Largest sea turtle release on record for Guatemala
December 2019 saw the largest release of sea turtles known in Guatemala. During the first week of December 16,643 baby olive ridley sea turtles were released on the Pacific Coast of Guatemala. The endangered turtles were released as part of ongoing long term conservation efforts by the local community project, Tortugario el Banco.
Olive ridley sea turtles are the smallest of the seven species of sea turtles. Like all species of sea turtles, olive ridleys are considered threatened with extinction having suffered drastic population declines in recent years due to the over harvesting of eggs for human consumption. El Banco community member, and Director of Tortugario el Banco Juan Hildago says:
“It was these declines that led me to start the Tortugario at el Banco. Other members of the community saw what was happening and started helping by collecting eggs so we could incubate them and release the babies.”
Over the last 20 years Tortugario el Banco has worked with Guatemalan NGO Fundaselva to save sea turtles, and their efforts have seen baby turtle releases increase from 45,000 per year in 2014 to over 233,000 during 2018.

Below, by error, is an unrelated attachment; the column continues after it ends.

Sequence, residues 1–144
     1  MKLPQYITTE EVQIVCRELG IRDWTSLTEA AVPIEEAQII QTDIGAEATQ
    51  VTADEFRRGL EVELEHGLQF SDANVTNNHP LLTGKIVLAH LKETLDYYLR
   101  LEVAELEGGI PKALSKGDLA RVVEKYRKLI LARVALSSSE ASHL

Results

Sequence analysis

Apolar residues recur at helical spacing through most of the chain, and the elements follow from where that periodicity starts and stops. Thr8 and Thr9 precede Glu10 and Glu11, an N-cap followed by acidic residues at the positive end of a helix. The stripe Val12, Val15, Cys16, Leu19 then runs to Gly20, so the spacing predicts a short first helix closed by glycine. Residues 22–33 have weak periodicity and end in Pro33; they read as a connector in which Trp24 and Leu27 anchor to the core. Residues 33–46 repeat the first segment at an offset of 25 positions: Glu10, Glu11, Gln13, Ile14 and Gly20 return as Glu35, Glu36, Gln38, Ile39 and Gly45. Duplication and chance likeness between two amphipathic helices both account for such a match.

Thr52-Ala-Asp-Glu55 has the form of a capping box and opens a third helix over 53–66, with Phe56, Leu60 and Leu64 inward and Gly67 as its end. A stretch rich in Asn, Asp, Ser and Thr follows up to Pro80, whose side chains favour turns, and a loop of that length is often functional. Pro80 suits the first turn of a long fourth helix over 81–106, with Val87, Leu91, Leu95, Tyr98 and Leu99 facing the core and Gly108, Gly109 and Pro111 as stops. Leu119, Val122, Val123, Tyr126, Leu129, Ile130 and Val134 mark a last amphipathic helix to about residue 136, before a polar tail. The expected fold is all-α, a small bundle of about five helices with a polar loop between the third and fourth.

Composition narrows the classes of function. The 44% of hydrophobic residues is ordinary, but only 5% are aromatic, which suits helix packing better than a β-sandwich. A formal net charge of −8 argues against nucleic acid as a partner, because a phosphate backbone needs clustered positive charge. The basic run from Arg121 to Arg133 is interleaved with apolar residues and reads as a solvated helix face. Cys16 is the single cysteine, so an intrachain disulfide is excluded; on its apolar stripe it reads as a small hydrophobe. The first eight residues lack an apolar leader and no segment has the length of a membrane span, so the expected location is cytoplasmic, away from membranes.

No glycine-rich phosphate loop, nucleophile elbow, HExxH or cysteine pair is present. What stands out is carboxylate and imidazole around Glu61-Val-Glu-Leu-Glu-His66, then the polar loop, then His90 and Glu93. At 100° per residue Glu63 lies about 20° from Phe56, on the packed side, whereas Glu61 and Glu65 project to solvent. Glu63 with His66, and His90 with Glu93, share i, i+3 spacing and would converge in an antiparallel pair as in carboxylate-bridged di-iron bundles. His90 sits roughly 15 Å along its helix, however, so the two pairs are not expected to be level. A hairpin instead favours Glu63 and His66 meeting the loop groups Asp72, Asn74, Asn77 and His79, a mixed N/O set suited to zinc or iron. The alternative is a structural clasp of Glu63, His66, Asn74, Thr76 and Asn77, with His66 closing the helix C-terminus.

These increases show us just how important long-term efforts are for the conservation of sea turtles. With the commitment of the community of el Banco, these once scarce animals are coming back from the brink of extinction. It is so inspiring to see what can be achieved when a community comes together and works tirelessly to solve a conservation issue.
Biologists from Universidad del Valle de Guatemala and University of South Eastern Norway are currently using dataloggers to monitor the temperatures on the beach at el Banco and in the nests of eggs at Tortugario el Banco Daniel Ariano-Sanchez from the Department of Biology at Universidad del Valle says:
“In the face of climate change, and rising temperatures, it is critical for us to understand what is happening to the temperatures in sea turtle nests. The sex of sea turtles is determined by the temperature at which the eggs are incubated. This means that if temperatures rise too high then only females will be produced. Or even worse, the embryos will die.”
The next step in understanding the conservation status of olive ridley sea turtles at el Banco, is for Fundaselva to start a planned monitoring project of the adult population, which it will run from Estación Biológica el Banco in collaboration with Tortugario el Banco. The project which is part funded by volunteer participation, monitors the number of adult turtles coming to the beach to lay their eggs.
Thousands of olive ridley sea turtle hatchlings waiting to be released at Tortuario el Banco, Guatemala.
Over 5000 olive ridley sea turtles make their way to the surf of the Pacific Ocean.
Olive ridley sea turtles start their journey down the beach at el Banco on their way to the ocean.
A female olive ridley sea turtle makes her way up the beach to dig her nest and lay her eggs in the volcanic sands at el Banco.
A student from Universidad del Valle de Guatemala measures a recently hatched turtle as part of an ongoing study investigating the effects of climate change on sea turtle embryo development.
Record release makes the Guatemalan newspapers on 9th December 2019!